Wisconsin Nursing Home Abuse Lawyers

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After entering a nursing home, it is vital for family members to realize that loved ones do not lose their legal rights. In fact, there are additional protections in place under the law for residents in nursing homes. Despite the existence of laws like the Nursing Home Reform Act of 1987, it is unfortunate that abuse and neglect are still prevalent in our nation’s nursing homes. In Wisconsin in particular, nursing homes have had a history of failing to prevent bedsores in patients. A University of California-San Francisco research study discovered that patients in over 30 percent of Wisconsin nursing homes actually developed bedsores in 2008. There were also issues in over 48 percent of Wisconsin nursing homes for their failure to maintain an accident-free environment. Over 27 percent of all nursing homes also failed to develop comprehensive care plans in 2008.

Whether you discover that a loved one has developed bedsores or has not been receiving the proper nutrition, it is important for you to get in touch with nursing home lawyers. Wisconsin nursing home lawyers will investigate the neglect and causes that have lead to a loved one developing bedsores, infections and other injuries.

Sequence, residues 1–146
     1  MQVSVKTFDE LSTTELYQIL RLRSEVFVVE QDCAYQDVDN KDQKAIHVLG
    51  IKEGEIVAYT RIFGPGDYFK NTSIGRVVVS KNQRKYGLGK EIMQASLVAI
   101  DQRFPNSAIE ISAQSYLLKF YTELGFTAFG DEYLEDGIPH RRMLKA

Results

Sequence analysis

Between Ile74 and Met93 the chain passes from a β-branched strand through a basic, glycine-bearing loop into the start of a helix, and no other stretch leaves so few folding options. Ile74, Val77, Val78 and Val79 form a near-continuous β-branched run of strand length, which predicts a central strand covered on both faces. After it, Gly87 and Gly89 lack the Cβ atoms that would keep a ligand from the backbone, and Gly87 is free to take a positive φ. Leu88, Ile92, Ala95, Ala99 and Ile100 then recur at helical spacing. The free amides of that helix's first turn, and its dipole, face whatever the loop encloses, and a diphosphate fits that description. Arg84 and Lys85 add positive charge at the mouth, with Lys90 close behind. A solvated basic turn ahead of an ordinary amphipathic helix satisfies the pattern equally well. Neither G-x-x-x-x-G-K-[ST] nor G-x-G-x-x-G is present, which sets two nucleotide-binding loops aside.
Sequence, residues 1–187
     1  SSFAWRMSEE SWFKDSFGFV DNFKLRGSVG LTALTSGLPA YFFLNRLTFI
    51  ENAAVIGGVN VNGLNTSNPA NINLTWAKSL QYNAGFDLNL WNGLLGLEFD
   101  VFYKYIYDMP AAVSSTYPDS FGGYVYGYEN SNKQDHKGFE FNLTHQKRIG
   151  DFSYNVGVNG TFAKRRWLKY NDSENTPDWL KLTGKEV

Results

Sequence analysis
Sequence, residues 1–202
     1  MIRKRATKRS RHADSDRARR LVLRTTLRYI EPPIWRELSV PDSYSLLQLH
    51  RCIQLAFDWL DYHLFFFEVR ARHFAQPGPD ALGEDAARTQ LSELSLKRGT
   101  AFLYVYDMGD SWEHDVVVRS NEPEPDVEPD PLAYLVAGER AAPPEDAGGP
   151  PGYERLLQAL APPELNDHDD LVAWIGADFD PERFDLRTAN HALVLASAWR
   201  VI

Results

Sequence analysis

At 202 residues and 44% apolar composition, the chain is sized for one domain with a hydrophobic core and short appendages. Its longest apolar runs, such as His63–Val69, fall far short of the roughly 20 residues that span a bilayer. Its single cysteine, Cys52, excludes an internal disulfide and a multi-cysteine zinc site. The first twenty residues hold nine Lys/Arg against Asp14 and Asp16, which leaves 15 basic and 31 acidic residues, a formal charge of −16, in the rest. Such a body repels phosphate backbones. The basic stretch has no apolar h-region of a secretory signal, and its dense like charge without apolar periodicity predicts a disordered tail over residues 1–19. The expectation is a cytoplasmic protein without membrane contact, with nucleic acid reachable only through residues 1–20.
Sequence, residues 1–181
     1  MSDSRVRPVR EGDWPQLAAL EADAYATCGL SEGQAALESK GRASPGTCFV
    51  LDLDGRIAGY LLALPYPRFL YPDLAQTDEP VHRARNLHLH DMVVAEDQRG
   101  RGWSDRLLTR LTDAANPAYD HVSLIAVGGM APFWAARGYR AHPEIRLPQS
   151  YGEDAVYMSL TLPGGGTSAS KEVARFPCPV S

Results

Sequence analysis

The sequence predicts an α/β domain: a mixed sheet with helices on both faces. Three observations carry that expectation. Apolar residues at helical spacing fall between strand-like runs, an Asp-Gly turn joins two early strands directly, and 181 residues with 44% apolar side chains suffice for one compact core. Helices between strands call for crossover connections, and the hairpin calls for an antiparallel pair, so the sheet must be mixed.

State and Federal Nursing Home Laws in Wisconsin

It is clear that the Wisconsin legislature has decided to take a strong stance against elder abuse and neglect. The two statutes that are in place to protect individuals are the Abuse of Individuals at Risk Act and the Elder Abuse Reporting System Act. The Abuse of Individuals Act defines abuse in a broad manner, and it states that it is physical abuse, emotional abuse, sexual abuse, treatment without consent, unreasonable confinement or restraint and the deprivation of a basic need for food, shelter, clothing or health care.

If one’s abuse results in the death of an individual, then he or she will be guilty of a Class D felony under the statute. Those who also cause great bodily harm to a vulnerable adult will be guilty of a Class I felony. The statute goes on to define the criminal punishments for engaging in the abuse of an elderly person.

Family members who see that a loved one has been subjected to abuse or neglect in a facility must take active steps to report it. They should get in touch with the Wisconsin Department of Health Services, Services for the Elderly, Adult Protective Services agency, Board on Aging and Long Term Care or the Long Term Care Ombudsman. The Long Term Care Ombudsman office maintains records of each nursing home facility in the state, and this department can provide family members with a wealth of information about the rights of loved ones.

Know the Resident Rights of Your Loved One

Wisconsin Nursing Home Abuse LawyersThere are various resident rights and services that every elderly person has in a nursing home facility. Family members should pay attention to the care of elderly people to make sure that they are receiving the services that they are entitled to under the law. These required services include the development of a care plan, nursing services, rehabilitation services, nutrition services, social services and other services. In the Nursing Home Reform Act of 1987, a Residents’ Bill of Rights is clearly outlined and maintains that residents have the following rights: